10/25/2009 11:00PM

Wrong time for this Cup plan

Email

NEW YORK - Breeders' Cup officials said last week that they are working on a long-term rotation of host tracks for the event and that management will present a plan running for as long as the next 10 years for board approval this spring. According to a report in the Toronto Star, the plan "would designate a group of 10 North American tracks, including Woodbine, as hosts beginning in 2011, along with the framework of a rotation."

It's nice to see the Cup trying to prevent a repetition of the circumstances that led to the widely criticized decisions to run the event at Santa Anita in both 2008 and 2009, and to reroute the 2010 edition from Belmont to Churchill Downs. But this is precisely the wrong time for the event to lock itself into any long-term schedule.

The primary reason to delay a decade of commitments is the completely unresolved issue of whether these races should be run on synthetic racetracks going forward, due to the questionable future of such surfaces in American racing. While opinion remains sharply divided about these surfaces, many people on both sides say that they were installed hastily, that their alleged safety benefits are unproven, and that it is unclear whether they are the future of the sport or a brief historical oddity. No additional tracks are currently undertaking conversions to synthetic surfaces and there is talk that some California tracks will switch back to dirt in the years ahead.

Making a 10-year host list would almost certainly mean an over-commitment to synthetic Breeders' Cups. One rotation plan being discussed privately would be a four-year cycle including Belmont (dirt), Churchill (dirt), Oak Tree (synthetic), and a rotating fourth site for which the primary candidates are all sites with synthetic main tracks - Arlington, Del Mar, Keeneland, and Woodbine. This would effectively mean that half of all future Breeders' Cups would be contested on synthetic main tracks - a completely inappropriate decision to be made in the next six months.

It's also the wrong time to make the call because of the uncertainty surrounding the Breeders' Cup's own future. According to numerous officials at the organization, there may well be significant changes in corporate leadership in the coming year, as well as changes in the format, purses, and number of races in the event. To be making commitments about where the 2019 Cup will be held amid so much uncertainty seems both unnecessary and dangerous.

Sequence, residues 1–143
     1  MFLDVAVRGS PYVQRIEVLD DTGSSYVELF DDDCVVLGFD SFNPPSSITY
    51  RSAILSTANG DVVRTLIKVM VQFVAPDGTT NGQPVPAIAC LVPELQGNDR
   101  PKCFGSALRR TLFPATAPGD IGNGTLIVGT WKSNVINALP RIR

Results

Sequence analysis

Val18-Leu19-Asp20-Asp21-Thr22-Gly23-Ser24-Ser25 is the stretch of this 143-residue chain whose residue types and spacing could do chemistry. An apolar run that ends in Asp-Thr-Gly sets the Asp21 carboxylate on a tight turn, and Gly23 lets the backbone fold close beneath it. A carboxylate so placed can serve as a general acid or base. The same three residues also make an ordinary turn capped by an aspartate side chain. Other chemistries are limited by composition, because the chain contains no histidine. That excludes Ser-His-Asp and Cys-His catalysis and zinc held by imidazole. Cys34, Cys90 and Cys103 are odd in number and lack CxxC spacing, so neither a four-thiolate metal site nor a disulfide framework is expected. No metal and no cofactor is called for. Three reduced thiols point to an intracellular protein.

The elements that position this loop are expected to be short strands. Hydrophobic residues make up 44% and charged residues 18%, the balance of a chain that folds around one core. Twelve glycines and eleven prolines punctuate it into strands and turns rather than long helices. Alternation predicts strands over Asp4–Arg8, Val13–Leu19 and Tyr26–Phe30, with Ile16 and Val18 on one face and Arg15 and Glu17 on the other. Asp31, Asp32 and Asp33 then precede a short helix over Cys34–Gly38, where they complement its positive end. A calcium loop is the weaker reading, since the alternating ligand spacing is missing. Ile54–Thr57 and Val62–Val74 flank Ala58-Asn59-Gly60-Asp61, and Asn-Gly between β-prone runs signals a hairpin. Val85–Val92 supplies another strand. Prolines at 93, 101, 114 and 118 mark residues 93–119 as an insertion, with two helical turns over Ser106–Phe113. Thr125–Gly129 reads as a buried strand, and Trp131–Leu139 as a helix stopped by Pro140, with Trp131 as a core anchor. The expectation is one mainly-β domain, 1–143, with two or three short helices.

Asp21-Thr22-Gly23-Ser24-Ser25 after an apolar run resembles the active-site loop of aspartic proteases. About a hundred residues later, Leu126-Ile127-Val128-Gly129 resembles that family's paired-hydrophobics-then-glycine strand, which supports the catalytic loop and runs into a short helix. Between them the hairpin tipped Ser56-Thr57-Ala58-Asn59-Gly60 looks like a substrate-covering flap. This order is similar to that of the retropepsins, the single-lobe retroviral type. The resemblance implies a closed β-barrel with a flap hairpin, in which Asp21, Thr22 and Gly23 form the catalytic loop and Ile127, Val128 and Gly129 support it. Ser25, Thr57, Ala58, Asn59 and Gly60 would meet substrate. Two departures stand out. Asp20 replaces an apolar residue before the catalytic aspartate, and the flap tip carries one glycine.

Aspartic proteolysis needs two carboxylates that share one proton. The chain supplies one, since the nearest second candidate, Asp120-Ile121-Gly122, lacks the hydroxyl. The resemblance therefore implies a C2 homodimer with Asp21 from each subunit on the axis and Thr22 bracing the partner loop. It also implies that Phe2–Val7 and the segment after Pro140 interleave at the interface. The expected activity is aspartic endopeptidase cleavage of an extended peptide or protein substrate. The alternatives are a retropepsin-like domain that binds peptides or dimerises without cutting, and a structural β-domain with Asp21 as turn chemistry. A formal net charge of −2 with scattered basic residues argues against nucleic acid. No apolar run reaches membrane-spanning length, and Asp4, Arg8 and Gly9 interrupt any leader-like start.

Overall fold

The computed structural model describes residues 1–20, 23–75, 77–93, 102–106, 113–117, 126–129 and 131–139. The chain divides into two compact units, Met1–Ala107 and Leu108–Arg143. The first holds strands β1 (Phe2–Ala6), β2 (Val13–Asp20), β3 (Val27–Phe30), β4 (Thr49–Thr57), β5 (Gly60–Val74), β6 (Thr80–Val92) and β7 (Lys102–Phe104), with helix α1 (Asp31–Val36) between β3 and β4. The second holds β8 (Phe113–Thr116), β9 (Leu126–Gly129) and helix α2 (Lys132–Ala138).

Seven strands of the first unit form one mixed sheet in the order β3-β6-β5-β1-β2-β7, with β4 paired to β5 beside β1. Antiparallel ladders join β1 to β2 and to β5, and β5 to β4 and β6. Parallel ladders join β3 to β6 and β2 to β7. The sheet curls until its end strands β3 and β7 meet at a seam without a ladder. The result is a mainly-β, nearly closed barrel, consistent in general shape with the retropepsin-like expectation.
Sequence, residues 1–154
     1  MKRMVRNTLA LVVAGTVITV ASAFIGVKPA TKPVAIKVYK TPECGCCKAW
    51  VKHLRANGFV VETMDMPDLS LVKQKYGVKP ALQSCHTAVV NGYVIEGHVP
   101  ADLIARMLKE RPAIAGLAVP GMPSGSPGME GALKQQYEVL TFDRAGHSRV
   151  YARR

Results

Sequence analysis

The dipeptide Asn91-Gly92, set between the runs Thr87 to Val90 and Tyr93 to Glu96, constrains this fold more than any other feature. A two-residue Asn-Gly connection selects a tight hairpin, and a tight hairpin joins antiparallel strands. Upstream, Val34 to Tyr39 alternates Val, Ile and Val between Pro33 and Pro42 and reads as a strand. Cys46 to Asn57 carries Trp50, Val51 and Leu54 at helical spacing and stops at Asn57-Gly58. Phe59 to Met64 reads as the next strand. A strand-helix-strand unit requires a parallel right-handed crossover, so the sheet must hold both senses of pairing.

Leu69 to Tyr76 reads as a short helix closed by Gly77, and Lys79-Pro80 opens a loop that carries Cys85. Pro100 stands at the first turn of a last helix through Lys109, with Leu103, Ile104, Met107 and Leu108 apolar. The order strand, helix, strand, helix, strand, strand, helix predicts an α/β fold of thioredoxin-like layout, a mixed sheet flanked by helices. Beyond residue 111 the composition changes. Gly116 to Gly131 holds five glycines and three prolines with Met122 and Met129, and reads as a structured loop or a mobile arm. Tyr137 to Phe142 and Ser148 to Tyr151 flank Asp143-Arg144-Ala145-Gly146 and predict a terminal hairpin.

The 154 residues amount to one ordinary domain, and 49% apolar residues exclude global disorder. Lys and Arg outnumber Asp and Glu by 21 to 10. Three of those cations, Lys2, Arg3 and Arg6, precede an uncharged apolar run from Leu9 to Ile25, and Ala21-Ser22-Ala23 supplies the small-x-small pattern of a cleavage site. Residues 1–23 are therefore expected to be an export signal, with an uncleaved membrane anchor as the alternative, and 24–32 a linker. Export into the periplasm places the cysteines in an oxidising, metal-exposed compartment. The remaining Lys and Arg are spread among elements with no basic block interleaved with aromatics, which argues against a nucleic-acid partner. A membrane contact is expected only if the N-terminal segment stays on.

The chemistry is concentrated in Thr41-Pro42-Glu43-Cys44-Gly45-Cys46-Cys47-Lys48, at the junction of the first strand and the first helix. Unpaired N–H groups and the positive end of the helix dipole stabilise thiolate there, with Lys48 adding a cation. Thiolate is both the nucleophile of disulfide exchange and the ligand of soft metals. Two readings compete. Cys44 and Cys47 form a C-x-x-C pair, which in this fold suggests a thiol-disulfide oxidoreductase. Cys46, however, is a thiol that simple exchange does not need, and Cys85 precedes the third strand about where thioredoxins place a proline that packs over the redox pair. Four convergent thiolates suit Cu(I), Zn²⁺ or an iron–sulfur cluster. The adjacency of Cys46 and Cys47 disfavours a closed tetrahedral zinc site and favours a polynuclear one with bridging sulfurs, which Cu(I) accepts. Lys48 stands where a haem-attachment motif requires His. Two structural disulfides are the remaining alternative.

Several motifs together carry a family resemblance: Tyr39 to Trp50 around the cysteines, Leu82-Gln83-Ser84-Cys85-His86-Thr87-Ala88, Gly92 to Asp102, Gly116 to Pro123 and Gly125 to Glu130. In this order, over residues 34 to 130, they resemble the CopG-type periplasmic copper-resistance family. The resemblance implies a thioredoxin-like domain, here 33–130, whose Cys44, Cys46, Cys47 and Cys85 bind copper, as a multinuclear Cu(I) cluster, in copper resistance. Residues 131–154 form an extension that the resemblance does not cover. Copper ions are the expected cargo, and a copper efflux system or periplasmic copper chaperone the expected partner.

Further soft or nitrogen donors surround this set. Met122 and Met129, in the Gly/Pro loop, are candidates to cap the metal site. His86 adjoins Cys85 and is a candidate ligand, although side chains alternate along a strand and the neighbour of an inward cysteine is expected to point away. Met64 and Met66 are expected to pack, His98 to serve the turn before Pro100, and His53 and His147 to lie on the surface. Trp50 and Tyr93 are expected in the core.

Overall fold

A rush to name host sites was what got the Cup into its current pickle. At the beginning of 2008, the 2009 Cup was expected to be awarded to either Belmont or Churchill, but the New York Racing Association was inches away from completing its franchise extension and Churchill was quibbling over financial arrangements. Rather than give either situation a little more time to resolve itself, the Cup thought it was so important to award the 2009 event 20 rather than 18 months in advance that it gave an unprecedented second consecutive running to Oak Tree.

The only thing the Breeders' Cup needs to announce any time soon is that the 2011 running will be at Belmont, an overdue no-brainer after an inexcusable absence of six years. It has more than enough other problems to fix before making any premature decisions about where, and over what footing, future Cups should be held.

If big states agree, problem solved

The Kentucky Racing Commission will consider a proposal this week to close betting when there are zero minutes to post time, to prevent the unsettling phenomenon of odds changing while a race is being run. Officials of the state's tracks are lining up to oppose it because they believe it will put them at a competitive disadvantage in the simulcast market.

This is a maddeningly frustrating issue, because there's a clear path to a palatable solution, but it requires the one commodity that the racing industry is least able to muster: cooperation. If every major track would agree to close betting earlier, there would be no negative business impact after a week or two of customers getting used to the new deadline. Even if just the handful of circuits that account for the vast majority of national betting could come to an agreement, the problem would be solved: People aren't going to abandon New York, Southern California, and Kentucky for Yavapai Downs if all three of those states would go to an earlier stop to betting.

Obviously an even better solution would be for tracks to upgrade their technology to the point where it wouldn't take so long for bets to be assimilated and odds recalculated. Since the industry seems to lack the resources and/or will to do that, an agreement for earlier cutoffs looks like the next best thing.